“When Breath Becomes Air” by Paul Kalanithi

I recently read, “When Breath Becomes Air,” by Paul Kalanithi. This memoir is written by a chief neurosurgeon resident who was diagnosed with Stage 4 lung cancer before he finished his residency.when-breath-becomes-air

I’m not giving any spoilers, although the reviews and book descriptions don’t hide the fact that the memoir was published posthumously.

Some choice gems from Kalanithi include:

How little do doctors understand the hells through which we put patients.

Re going from his role as chief neurosurgery resident to that of a patient:

My life had been building potential, potential that would now go unrealized. I had planned to do so much, and I had come so close. I was physically debilitated, my imagined future and my personal identity collapsed, and I faced the same existential quandaries my patients faced.

Yes, how painful to have your life plans, along with your identity, thwarted by illness. If we aren’t that which we aspire towards, then who and what do we become?

Death, so familiar to me in my work, was now paying a personal visit.

I sat, staring at a photo of Lucy and me … It was so sad, those two, planning a life together, unaware, never suspecting their own fragility.

I would have to learn to live in a different way, seeing death as an imposing itinerant visitor but knowing that even if I’m dying, until I actually die, I am still living.

Kalanithi’s oncologist talked to him on numerous occasions about “setting your values.” She encouraged him to identify what mattered most and then focus on those things in the time that remained. He writes:

The tricky part of illness is that, as you go through it, your values are constantly changing.

Grand illnesses are supposed to be life-clarifying. Instead, I knew I was going to die — but I’d known that before. My state of knowledge was the same, but my ability to make lunch plans had been shot to hell.  The way forward would seem obvious, if only I knew how many months or years I had left. Tell me three months, I’d spend time with family. Tell me one year, I’d write a book. Give me ten years, I’d get back to treating diseases. The truth that you live one day at a time didn’t help: What was I supposed to do with that day?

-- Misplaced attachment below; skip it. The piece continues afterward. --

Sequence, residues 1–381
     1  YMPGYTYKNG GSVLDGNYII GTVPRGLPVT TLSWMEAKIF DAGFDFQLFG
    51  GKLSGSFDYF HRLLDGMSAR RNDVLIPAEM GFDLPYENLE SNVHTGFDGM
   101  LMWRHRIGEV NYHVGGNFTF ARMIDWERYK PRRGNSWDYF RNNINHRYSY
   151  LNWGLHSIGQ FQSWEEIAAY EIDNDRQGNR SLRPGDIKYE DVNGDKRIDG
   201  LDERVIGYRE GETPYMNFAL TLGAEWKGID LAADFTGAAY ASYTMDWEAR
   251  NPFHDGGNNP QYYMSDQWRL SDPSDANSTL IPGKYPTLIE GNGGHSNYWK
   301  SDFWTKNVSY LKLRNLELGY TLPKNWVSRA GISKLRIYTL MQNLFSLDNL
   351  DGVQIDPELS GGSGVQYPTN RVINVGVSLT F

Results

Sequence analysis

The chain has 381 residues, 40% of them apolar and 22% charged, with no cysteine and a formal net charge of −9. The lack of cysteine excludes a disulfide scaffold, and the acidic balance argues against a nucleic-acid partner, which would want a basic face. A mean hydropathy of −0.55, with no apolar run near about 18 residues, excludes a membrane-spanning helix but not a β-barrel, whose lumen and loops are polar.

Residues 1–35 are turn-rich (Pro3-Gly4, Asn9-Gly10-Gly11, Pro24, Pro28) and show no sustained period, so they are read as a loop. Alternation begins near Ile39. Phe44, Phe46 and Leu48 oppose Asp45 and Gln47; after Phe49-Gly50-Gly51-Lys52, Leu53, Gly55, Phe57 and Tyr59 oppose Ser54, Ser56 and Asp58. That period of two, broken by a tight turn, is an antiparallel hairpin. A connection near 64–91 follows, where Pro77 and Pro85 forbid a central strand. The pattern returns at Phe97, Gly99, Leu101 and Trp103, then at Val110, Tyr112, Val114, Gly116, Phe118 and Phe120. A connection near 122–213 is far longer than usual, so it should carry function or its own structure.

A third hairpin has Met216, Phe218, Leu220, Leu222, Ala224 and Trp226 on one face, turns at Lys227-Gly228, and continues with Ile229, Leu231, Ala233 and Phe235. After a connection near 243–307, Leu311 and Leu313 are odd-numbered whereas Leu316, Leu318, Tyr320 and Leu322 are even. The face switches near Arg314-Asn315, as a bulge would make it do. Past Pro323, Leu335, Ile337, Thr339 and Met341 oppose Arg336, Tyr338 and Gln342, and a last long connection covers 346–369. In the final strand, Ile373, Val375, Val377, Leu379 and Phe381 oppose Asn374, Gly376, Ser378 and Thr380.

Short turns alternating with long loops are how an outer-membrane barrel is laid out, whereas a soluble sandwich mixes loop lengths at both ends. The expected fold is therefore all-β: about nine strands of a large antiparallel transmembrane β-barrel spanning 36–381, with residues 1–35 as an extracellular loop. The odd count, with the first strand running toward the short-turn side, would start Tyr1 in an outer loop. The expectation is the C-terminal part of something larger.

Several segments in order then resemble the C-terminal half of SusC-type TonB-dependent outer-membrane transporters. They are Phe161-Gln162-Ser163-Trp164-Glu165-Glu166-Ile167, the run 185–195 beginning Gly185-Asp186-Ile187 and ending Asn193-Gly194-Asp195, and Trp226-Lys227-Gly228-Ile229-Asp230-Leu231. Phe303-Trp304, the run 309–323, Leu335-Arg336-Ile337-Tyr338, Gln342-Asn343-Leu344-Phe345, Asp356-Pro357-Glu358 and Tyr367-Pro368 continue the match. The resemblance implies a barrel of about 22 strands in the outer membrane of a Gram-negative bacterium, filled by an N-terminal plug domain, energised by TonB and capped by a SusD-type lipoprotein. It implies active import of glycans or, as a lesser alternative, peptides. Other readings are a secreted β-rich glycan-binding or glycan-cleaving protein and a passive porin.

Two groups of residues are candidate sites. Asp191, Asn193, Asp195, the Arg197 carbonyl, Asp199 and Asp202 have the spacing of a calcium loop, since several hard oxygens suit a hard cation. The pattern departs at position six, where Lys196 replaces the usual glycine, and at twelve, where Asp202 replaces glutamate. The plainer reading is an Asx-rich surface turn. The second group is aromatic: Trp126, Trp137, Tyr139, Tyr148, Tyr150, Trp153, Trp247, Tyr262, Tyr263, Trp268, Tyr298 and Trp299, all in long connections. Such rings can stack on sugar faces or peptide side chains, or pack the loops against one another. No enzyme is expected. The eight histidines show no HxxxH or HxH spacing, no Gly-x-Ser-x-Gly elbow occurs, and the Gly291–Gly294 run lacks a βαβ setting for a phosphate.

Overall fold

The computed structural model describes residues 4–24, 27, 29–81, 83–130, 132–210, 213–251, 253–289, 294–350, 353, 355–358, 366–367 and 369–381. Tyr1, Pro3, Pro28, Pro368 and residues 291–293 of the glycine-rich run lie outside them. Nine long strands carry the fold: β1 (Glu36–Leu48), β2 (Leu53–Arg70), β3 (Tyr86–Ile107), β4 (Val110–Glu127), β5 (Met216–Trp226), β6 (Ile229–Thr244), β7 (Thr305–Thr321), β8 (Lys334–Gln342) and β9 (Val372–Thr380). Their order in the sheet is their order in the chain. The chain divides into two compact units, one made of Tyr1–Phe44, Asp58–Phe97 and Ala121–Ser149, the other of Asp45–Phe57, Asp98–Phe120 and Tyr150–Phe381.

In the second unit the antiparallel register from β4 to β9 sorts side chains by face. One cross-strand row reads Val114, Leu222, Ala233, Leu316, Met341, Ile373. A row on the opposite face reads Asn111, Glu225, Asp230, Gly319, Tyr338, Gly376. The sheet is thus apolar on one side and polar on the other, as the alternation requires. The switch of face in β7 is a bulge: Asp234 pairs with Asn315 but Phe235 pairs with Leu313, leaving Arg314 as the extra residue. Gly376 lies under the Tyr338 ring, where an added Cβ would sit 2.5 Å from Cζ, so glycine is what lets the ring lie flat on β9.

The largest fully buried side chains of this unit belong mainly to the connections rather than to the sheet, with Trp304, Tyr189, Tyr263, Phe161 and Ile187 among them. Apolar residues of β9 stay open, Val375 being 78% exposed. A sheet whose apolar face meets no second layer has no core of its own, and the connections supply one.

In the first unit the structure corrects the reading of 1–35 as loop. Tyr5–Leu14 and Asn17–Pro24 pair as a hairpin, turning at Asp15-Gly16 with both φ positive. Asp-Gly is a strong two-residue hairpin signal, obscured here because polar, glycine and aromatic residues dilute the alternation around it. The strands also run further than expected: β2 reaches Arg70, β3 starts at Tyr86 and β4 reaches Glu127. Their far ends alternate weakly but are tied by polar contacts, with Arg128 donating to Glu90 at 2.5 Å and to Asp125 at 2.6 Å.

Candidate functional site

Severe illness wasn’t life altering, it was life shattering. It felt less like an epiphany, a piercing burst of light illuminating what really matters, and more like someone had just firebombed the path forward. Now I would have to work around it.

His wife, Lucy, writes in the Epilogue:

Relying on his own strength and the support of his family and community, Paul faced each state of his illness with grace–not with bravado or a misguided faith that he would “overcome” or “beat” cancer but with an authenticity that allowed him to grieve the loss of the future he had planned and forge a new one.

In Paul Kalanithi’s short time on earth, he made lasting contributions, not the least of which was writing, “When Breath Becomes Air.”

Comments

  1. A very good book that gives one much to think about. From #CancerBookClub: https://anticancerclub.com/club-activities/cancerbookclub/replays/

  2. Dana Stone Goldberg says:

    It was s beautifully written and powerful book.

  3. Thank you for this post. I will be reading this very soon. xx

  4. This one has been on my list for some time and I will be moving it up. It sounds like he has some very thought provoking insights. Thanks for the review!

  5. Loved it, in a love/hate kind of way. same with ‘Being Mortal.’

  6. I love this book!

  7. Thank you for reminding me of some of the little nuggets of profound wisdom that were written in that book. It is a book that can be read over and over again as something new is learned each time.

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